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January 15th, 2016 · No Comments

Bloor St. Culture Corridor participates in strategy consultations

The Royal Conservatory of Music’s executive director of the performing arts, Mervon Mehta, supports the Ontario government’s open approach to developing a cultural strategy for the province. Courtesy of the Royal Conservatory of Music

The Royal Conservatory of Music’s executive director of the performing arts, Mervon Mehta, supports the Ontario government’s open approach to developing a cultural strategy for the province. Courtesy of the Royal Conservatory of Music

By Heather Kelly

The diverse arts organizations that make up the Bloor St. Culture Corridor are playing an active role in setting the province’s cultural priorities by participating in a series of town halls and online forums, and by responding to requests for comment. The consultation process was driven by the Ontario government, which is developing its first-ever culture strategy, a set of principles that will guide the province’s future arts investments.

“The culture industry is such a critical part of the riding,” said Han Dong (MPP, Trinity-Spadina). “I want to ensure we have our say in the creation of the culture strategy, and that everyone has a chance to give input.”

The 19 arts and cultural organizations from Bay to Bathurst streets that make up the Bloor St. Culture Corridor educate, inspire, and entertain more than three million people annually, generating approximately $630 million for the area each year.

It’s a trend that is borne out across the city: 70 per cent of Torontonians regularly attend, volunteer, or donate to the arts. Four times more tourists come to Toronto for culture than for sports, and overnight culture tourists outspend other visitors by two to one. Arts and culture contribute more than $11 billion to Toronto’s gross domestic product each year.

“People often don’t realize the huge role that the culture sector has,” said Dong. “It is an important part of downtown living. The Annex is a good example — walk along Bloor Street and there is so much flavour there.”

A collaborative partnership formed in 2014 to highlight the cluster of arts and culture destinations on Bloor Street West and promote their events year round, the wide range of Bloor St. Culture Corridor organizations — which include the Native Canadian Centre of Toronto, the Bloor Hot Docs Cinema, and the Gardiner Museum, among others — represent nearly all of the priorities defined in the culture strategy discussion paper.

At the heart of that strategy is an understanding, as stated in the Ontario Culture Strategy discussion paper, that “culture shapes and profoundly enriches our lives and communities. Engagement in cultural activities strengthens empathy, cross-cultural understanding, and sense of community.”

Or, as Dong put it, “You cannot have a harmonious and productive society without culture as a fundamental aspect.”

The proposed guiding principles include creativity and innovation; quality of life and economic development; diversity and inclusiveness; respect for First Nations, Métis, and Inuit peoples; public value and accountability; informing investment in the arts and cultural industries, libraries, museums, cultural heritage, arts and music education, cultural diversity, digital content, youth engagement; and, fostering a sustainable culture sector.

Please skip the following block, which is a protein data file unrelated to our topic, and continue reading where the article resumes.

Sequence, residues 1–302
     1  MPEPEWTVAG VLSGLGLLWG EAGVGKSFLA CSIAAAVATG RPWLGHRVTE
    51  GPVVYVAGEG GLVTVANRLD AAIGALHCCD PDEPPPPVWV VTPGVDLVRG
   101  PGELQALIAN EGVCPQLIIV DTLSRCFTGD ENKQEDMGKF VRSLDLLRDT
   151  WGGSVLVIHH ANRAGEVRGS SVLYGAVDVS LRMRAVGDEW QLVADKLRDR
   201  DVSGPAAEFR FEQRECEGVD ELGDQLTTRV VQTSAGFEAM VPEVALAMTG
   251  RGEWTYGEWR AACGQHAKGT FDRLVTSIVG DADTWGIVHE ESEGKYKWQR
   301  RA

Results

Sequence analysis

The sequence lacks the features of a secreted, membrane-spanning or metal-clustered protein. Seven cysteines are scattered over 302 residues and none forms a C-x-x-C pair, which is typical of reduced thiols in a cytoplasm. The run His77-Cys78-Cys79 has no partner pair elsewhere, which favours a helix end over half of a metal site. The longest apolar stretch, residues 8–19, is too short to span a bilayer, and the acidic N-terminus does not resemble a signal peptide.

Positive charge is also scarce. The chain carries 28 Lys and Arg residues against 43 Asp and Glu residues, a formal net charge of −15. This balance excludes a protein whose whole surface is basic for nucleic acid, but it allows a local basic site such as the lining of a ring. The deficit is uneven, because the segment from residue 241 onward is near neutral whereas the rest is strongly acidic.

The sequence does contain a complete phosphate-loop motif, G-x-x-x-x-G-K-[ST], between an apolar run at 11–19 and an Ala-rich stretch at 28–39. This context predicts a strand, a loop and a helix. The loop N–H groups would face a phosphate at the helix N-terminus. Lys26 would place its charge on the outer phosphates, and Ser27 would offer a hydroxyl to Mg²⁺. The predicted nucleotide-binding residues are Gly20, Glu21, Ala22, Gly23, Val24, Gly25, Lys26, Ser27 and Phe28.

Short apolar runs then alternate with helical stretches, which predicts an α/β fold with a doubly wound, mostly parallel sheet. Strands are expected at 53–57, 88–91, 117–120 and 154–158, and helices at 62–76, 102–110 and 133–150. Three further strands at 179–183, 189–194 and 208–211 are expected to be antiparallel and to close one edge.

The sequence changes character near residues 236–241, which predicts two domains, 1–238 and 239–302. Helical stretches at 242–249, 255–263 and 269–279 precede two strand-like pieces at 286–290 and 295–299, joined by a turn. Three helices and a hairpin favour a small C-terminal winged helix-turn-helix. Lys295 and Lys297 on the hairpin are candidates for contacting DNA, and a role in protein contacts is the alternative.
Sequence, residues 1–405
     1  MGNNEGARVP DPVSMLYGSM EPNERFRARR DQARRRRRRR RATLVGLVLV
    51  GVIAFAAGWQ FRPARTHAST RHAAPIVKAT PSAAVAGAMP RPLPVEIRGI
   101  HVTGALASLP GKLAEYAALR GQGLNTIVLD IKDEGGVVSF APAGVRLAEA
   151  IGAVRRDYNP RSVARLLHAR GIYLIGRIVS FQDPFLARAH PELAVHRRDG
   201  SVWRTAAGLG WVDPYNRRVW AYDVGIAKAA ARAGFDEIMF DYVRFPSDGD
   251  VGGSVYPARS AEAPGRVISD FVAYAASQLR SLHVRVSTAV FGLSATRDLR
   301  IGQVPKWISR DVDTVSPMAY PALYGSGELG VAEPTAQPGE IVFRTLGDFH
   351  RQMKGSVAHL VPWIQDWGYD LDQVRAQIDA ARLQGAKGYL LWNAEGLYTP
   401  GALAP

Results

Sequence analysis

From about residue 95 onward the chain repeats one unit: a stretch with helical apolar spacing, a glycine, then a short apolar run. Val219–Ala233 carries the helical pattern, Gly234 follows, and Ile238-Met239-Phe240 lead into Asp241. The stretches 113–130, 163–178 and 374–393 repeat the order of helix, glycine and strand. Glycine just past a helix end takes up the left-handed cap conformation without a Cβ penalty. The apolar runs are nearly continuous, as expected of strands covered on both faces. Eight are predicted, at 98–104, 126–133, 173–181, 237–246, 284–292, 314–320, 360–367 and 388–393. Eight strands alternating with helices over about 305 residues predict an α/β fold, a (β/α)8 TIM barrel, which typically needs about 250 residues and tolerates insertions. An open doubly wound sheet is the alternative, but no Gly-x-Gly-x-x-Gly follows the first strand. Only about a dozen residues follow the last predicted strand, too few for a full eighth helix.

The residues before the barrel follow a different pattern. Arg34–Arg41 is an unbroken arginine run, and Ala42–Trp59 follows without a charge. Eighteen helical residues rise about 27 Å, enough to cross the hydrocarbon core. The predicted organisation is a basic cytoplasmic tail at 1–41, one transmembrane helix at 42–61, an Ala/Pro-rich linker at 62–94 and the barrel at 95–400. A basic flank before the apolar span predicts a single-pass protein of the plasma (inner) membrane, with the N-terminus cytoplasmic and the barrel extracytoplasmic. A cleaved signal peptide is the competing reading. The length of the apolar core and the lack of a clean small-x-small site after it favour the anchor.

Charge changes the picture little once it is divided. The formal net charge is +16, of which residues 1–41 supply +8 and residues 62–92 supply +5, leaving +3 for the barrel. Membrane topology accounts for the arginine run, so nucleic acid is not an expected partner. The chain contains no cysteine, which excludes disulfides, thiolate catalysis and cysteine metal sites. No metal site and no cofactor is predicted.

Members of the Bloor St. Culture Corridor said they participated in the consultations to show support for the process, network with the province’s other culture producers, and remind the province of the contributions their organizations make to Ontario’s arts industry.

Mervon Mehta, The Royal Conservatory of Music’s executive director of performing arts, went to a town hall “to show support for the open and inclusive process, to make sure that support for music education was on the agenda, to ensure our voices were represented, and to support the sector”.

“I was particularly interested in discovering what fresh ideas colleagues across all the arts are discussing,” said Tim Crouch, marketing manager at Tafelmusik, who added he also hoped for a better dialogue with the provincial government.

Finally, the executive director of Alliance Française de Toronto, Thierry Lasserre, said, “It is always important to be part of public meetings to inform, get informed, and meet colleagues and officials.”

The Ontario government will release its report based on the public consultations some time this year. In 2014-15, the Ministry of Tourism, Culture and Sport, which oversees the province’s arts and culture investment, spent approximately $800 million on culture.

“The arts engage our senses, inspire our imaginations, and challenge our minds,” states the discussion paper on cultural strategy. “They animate our communities and help make Ontario the place we want to live.”

For further information on the Bloor St. Cultural Corridor and Ontario’s cultural strategy, please see www.bloorstculturecorridor.com and www.ontario.ca/page/ontarios-culture-strategy respectively.

Heather Kelly is the Founder/Director of the Bloor St. Culture Corridor, the Director of Marketing, Performing Arts at The Royal Conservatory of Music, and CEO of HKC Marketing.

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